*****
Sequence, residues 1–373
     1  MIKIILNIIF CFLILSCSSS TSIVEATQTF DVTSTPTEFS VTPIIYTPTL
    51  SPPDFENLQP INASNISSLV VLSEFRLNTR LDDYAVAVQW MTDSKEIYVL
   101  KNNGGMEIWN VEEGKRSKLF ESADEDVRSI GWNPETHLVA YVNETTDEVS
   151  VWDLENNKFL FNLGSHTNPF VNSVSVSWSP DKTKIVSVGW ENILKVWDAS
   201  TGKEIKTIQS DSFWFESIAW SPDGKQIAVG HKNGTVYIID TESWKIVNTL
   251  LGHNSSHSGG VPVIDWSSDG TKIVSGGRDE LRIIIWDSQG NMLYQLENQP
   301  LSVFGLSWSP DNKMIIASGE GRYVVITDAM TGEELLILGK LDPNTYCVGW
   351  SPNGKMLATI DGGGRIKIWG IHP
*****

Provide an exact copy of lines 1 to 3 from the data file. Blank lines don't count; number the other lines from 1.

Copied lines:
Sequence, residues 1–373
     1  MIKIILNIIF CFLILSCSSS TSIVEATQTF DVTSTPTEFS VTPIIYTPTL
    51  SPPDFENLQP INASNISSLV VLSEFRLNTR LDDYAVAVQW MTDSKEIYVL